Decide what you want to do with it and select your conveniences. Pocket size
    for easy travel? Full manual overrides for control? Replaceable lenses? Movie
    modes? Sound?

    Good Luck and have fun!


    Dave
    Dave, Dec 1, 2003
    #3
  4. ND

    CR Optiker Guest

    On 1 Dec 2003 08:10:54 -0800, ND wrote:

    > Hi All,
    >
    > I intend to buy a digi cam but am not sure what all things needs to be
    > considered before the buy should be made. In particular, what are the
    > benefits of having a higher optical zoom as compared to a digital zoom
    > and/or vise versa. The importance of resolution, how big is big
    > enough. And the practical aspects of storage space and battery life.
    > Can someone give me some idea!?


    When people ask me for a computer recommendation, I generally tell them to
    first decide what they are willing to spend and don't budge from that
    decision. Then, go out and buy as high up on the curve as possible while
    still getting the things you want and minimizing adding features and
    capability you don't want or need. Don't buy what you might need in a
    couple of years since what you buy now will be obsolete and you'll probably
    want to replace it by then. The same applies to digital cameras.

    A couple of resources to get you going...

    1. http://www.dpreview.com/reviews/compare.asp - take a look at this list
    of features to consider. I will give you some ideas of what you might need
    to be making decisions on. You may not be in a position yet to answer them,
    but it will acquaint you with at least one set of salient features.

    2. http://www.imaging-resource.com/GETSTART.HTM#digcams - take a look at
    some of these articles. Depending on how much you want to educate yourself,
    this can be a pretty fair start at getting acquainted with the technology.
    The first article under "Guest Authors on Going Digital" entitled "Choosing
    a Camera: Training the Inner Child" is not a bad start. Read others as they
    grab your interest.

    After you've read as much as you choose, try...

    3. http://www.imaging-resource.com/WB/WB.HTM - in the left sidebar, look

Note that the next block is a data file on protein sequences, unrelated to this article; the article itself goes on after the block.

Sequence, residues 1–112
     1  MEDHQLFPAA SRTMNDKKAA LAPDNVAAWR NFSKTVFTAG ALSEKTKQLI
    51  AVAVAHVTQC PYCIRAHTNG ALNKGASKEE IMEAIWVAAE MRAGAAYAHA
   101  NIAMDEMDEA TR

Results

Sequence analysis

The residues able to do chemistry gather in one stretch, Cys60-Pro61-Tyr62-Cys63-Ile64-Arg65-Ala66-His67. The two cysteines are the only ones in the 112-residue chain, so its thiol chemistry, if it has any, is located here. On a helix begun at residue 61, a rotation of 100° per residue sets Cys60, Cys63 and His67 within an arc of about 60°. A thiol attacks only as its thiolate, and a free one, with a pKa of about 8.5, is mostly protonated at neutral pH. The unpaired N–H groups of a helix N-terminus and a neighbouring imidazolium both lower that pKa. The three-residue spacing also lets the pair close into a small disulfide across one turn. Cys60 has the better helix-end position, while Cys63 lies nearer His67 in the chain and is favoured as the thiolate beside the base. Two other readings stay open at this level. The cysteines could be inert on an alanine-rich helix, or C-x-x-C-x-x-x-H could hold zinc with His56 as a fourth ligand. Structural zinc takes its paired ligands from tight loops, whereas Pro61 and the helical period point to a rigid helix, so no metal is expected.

over the choices under "Cameras For:" Click on the one that looks like it
    fits your needs and browse the description of that category and the cameras
    described under that section. Try a few that sound like you since one may
    be a better fit than another but not your obvious first choice. This will
    give you some feel for what is considered normal for the various kinds of
    uses. Some categories may be obvious misfits. These selections will group
    cameras that are judged to fit the categories shown.

    Once you get some possibilities, go our to Best Buy or any other
    electronics store near you that has a good selection and try some of those
    you thought were a good fit for your needs. In my area, I found that Best
    Buy had the best selection among those with digital cameras which included:
    Best Buy, Costco, Walmart, Staples, Circuit City, Office Max, Office Depot.
    There, I was able to get my hands on most of the ones I was interested in.

    If you want harder comparsion data, test data, sample pictures, etc., take
    a look at http://www.dpreview.com/. In the left sidebar, click on "Cameras"
    and find the cameras you are interested in and read the reviews. If you're
    finding it hard to choose between two or three, one feature of that site
    will let you compare side-by-side, and that may help. This is considered to
    be probably the best of the several digital camera review sites.

    When all is said and done, it comes down to what you want to do with it,
    what you don't want to do with it, and subjectively how it feels to you.
    Holding it in your hands and going through the motions will help a lot
    since subjectively, some just won't feel right, and some will.

    Don't be afraid to come back here and ask for clarifications, but don't
    come back and ask for somebody to tell you what to get. Somebody, no doubt,
    will tell you, but the chances it will be right will be slim.

    Enjoy the hunt and the camera you end up with!
    Optiker
    CR Optiker, Dec 1, 2003
    #4